Media

Canadian Broadcasting President Calls Netflix ‘Cultural Imperialism’

REUTERS/Mike Blake/File Photo

David Krayden Ottawa Bureau Chief

Canadian Broadcasting Corporation (CBC) President Catherine Tait called Netflix a form of “cultural imperialism.” But a former cabinet minister in the Conservative government of Prime Minister Stephen Harper says it’s the CBC that is imperialistic.

As the Globe and Mail reported Thursday, Tait equated the streaming service to the British colonization of India at a Canadian television industry conference in Ottawa.

Catherine Tait takes part in a news conference announcing her appointment as President and CEO of CBC/Radio-Canada on Parliament Hill in Ottawa, Ontario, Canada, April 3, 2018. REUTERS/Chris Wattie

Catherine Tait takes part in a news conference announcing her appointment as President and CEO of CBC/Radio-Canada on Parliament Hill in Ottawa, Ontario, Canada, Apr. 3, 2018. REUTERS/Chris Wattie

“I was thinking about the British Empire and how, if you were there and you were the viceroy of India, you would feel that you were doing only good for the people of India. Or similar, if you were in French Africa, you would think, ‘I’m educating them, I’m bringing their resources to the world, and I’m helping them,’” Tait said, adding, “There was a time when cultural imperialism was absolutely accepted.” (RELATED: How The American Left Is Spending To Defeat Canadian Oil)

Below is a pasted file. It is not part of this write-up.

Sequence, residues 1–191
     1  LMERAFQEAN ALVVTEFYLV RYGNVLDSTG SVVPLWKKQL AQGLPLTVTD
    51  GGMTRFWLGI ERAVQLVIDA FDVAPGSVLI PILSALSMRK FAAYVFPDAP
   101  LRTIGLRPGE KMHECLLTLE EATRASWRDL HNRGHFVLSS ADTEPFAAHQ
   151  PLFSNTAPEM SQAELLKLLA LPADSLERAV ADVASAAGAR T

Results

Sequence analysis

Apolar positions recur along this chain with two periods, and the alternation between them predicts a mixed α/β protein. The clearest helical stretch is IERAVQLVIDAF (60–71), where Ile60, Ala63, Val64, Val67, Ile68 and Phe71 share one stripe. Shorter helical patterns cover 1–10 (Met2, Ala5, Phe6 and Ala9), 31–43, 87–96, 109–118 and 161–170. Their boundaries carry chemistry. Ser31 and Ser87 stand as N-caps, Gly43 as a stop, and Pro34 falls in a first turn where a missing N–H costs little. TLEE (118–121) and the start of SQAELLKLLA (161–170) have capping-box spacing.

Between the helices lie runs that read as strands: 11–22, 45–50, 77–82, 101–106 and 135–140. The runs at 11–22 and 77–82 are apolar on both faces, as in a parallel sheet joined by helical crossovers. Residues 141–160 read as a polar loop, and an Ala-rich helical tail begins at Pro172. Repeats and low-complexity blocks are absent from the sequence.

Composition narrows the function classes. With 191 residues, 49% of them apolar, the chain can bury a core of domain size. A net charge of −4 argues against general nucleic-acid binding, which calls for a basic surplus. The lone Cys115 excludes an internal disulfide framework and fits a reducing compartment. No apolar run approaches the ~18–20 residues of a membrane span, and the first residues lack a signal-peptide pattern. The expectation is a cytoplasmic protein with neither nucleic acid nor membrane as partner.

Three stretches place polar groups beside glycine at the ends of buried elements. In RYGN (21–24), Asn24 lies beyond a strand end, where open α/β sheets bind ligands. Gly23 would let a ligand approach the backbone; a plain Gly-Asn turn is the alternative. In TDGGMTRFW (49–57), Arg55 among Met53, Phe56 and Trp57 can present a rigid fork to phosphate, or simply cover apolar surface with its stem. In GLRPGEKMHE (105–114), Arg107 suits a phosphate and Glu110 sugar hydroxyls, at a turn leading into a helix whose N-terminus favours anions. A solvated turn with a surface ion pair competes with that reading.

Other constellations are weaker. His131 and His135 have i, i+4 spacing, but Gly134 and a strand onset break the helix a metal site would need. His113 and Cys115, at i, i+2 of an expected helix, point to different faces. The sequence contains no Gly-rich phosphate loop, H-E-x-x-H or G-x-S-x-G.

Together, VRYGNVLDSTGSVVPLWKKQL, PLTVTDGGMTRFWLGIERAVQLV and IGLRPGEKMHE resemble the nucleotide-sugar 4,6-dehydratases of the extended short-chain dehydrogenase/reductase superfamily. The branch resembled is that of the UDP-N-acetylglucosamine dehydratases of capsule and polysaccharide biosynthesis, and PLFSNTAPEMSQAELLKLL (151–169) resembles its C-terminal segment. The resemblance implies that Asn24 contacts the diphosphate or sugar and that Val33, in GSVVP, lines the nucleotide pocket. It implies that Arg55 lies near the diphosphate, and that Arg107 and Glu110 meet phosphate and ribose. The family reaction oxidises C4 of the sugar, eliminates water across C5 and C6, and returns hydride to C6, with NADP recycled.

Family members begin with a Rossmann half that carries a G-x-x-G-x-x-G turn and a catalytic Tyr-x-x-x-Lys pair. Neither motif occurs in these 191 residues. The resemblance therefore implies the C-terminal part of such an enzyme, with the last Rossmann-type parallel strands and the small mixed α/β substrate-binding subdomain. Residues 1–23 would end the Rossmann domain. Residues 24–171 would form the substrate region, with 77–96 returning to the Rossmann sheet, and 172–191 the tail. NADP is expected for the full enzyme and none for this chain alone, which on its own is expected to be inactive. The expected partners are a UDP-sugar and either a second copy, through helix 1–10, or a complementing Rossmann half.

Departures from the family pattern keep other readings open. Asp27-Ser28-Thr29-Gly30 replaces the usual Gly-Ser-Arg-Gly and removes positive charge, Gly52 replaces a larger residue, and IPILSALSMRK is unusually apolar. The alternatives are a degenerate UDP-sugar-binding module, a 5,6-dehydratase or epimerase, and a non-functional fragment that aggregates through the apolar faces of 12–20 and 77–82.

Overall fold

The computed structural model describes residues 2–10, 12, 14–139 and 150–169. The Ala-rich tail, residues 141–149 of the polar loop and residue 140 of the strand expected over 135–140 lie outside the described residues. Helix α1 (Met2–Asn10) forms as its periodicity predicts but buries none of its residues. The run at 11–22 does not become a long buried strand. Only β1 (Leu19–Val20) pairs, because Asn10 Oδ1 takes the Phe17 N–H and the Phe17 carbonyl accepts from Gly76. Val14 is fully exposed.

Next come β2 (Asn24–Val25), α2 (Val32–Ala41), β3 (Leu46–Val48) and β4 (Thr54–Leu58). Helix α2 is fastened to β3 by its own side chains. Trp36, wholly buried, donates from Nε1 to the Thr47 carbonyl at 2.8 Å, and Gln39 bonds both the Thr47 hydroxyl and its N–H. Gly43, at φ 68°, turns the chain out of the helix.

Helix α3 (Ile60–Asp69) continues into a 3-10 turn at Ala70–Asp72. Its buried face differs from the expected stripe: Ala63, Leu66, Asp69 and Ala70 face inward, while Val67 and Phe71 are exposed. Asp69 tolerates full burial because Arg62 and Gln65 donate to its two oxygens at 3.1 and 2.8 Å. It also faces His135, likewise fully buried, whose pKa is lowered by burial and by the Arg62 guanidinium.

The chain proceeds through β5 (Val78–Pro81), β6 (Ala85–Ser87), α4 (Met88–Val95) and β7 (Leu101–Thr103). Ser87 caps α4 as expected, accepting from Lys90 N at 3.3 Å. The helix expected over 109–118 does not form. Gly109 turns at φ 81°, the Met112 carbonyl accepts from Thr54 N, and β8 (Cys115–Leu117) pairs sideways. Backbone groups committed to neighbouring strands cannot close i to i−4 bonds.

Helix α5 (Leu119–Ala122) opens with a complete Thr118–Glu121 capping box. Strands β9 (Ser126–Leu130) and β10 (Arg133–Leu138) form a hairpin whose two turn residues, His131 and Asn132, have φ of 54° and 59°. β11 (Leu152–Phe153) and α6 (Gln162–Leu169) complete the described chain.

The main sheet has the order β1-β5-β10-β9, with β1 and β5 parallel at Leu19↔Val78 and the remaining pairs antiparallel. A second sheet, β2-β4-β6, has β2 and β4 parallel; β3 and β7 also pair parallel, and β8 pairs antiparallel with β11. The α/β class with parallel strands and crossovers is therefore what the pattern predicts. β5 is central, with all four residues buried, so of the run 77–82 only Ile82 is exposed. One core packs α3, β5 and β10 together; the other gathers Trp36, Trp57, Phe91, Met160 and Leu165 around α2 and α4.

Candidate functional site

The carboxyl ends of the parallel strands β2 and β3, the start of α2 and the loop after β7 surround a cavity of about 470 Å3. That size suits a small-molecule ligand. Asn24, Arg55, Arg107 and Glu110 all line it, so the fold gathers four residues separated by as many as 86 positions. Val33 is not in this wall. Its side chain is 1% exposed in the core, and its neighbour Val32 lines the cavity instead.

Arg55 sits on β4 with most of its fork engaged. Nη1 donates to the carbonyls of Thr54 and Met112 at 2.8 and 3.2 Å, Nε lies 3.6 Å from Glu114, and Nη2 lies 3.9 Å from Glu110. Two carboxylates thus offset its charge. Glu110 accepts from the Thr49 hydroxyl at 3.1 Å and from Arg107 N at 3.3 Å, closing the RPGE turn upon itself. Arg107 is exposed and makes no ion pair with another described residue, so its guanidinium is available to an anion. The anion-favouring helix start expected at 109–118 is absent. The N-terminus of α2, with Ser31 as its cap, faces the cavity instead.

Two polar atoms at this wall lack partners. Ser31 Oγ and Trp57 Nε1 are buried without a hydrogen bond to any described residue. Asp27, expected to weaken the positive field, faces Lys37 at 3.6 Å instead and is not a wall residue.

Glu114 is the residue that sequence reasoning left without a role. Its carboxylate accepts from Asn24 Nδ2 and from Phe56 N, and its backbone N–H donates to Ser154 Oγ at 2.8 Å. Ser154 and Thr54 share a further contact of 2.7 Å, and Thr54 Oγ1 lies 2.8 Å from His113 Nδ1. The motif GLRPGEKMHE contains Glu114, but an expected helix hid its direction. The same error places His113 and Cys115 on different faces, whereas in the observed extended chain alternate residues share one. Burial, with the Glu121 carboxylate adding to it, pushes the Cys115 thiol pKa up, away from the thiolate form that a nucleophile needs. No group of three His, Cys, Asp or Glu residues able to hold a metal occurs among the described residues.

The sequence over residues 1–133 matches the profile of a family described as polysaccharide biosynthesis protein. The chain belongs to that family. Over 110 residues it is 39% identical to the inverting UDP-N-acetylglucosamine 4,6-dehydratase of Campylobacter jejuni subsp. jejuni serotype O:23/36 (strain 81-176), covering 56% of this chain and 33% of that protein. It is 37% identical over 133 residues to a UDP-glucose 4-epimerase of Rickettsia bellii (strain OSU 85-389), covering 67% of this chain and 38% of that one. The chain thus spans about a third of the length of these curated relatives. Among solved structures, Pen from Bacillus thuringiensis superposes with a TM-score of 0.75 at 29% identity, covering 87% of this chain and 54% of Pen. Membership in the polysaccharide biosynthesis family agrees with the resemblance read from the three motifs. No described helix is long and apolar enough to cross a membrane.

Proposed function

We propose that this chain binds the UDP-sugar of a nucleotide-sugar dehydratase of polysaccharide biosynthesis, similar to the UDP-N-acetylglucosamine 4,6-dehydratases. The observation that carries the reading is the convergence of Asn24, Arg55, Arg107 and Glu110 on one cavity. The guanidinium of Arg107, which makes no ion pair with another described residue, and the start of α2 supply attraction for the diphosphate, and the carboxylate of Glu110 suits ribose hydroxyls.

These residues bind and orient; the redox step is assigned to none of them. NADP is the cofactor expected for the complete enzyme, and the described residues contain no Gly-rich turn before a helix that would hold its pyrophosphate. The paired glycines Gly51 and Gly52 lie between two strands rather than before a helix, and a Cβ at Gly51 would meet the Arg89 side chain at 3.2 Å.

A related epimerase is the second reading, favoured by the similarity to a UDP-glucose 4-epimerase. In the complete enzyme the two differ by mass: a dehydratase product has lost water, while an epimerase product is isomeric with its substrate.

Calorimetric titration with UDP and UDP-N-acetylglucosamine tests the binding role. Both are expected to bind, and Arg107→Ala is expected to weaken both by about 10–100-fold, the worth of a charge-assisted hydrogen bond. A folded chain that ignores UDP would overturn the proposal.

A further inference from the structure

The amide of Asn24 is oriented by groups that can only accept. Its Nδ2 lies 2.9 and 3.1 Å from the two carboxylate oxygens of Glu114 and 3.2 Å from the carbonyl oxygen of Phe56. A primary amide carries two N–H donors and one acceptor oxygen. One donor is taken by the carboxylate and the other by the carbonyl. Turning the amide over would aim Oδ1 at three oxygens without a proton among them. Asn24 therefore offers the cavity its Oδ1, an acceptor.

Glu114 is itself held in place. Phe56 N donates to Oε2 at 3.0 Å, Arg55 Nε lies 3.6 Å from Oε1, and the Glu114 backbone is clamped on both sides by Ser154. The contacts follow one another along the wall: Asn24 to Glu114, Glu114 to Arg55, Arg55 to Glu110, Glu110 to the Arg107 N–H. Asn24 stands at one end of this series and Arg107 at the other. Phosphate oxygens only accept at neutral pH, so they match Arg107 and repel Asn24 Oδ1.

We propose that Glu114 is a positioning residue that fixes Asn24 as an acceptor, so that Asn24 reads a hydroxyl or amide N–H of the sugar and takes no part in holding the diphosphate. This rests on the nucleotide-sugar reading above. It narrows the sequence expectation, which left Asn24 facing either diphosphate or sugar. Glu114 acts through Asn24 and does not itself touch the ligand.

Although she admitted Canadians might be “very grateful” to Netflix for offering a wide variety of programing, she urged them to “fast-forward to what happens after imperialism – and the damage that can do to local communities. So, all I would say is, let us be mindful of how it is we as Canadians respond to global companies coming into our country.”

Netflix’s Canadian pubic policy director was on-scene to hear Tait’s criticism and to respond. Stéphane Cardin suggested her fears were unwarranted and noted that the company planned to spend hundreds of million of dollars on Canadian projects — without any government legislation forcing them to do so.

Netflix is in hot water in the U.S. for using footage from a tragic Canadian train crash in one of its productions.

People's Party of Canada Leader Maxime Bernier speaks to reporters at the House of Commons foyer in Ottawa, Oct. 1, 2018. (Photo: The Daily Caller/David Krayden)

People’s Party of Canada Leader Maxime Bernier speaks to reporters at the House of Commons foyer in Ottawa, Oct. 1, 2018. (Photo: The Daily Caller/David Krayden)

But a former foreign affairs minister and current leader of the libertarian People’s Party of Canada found Tait’s concerns laughable.

Maxine Bernier told The Daily Caller Saturday, “This is more craziness from the CBC, our very own imperialistic public broadcaster that unfairly competes with private media thanks to the $1 billion [CAD] subsidy it gets.” (RELATED: People’s Party Of Canada Leader Takes Credit For USMCA Breakthrough)

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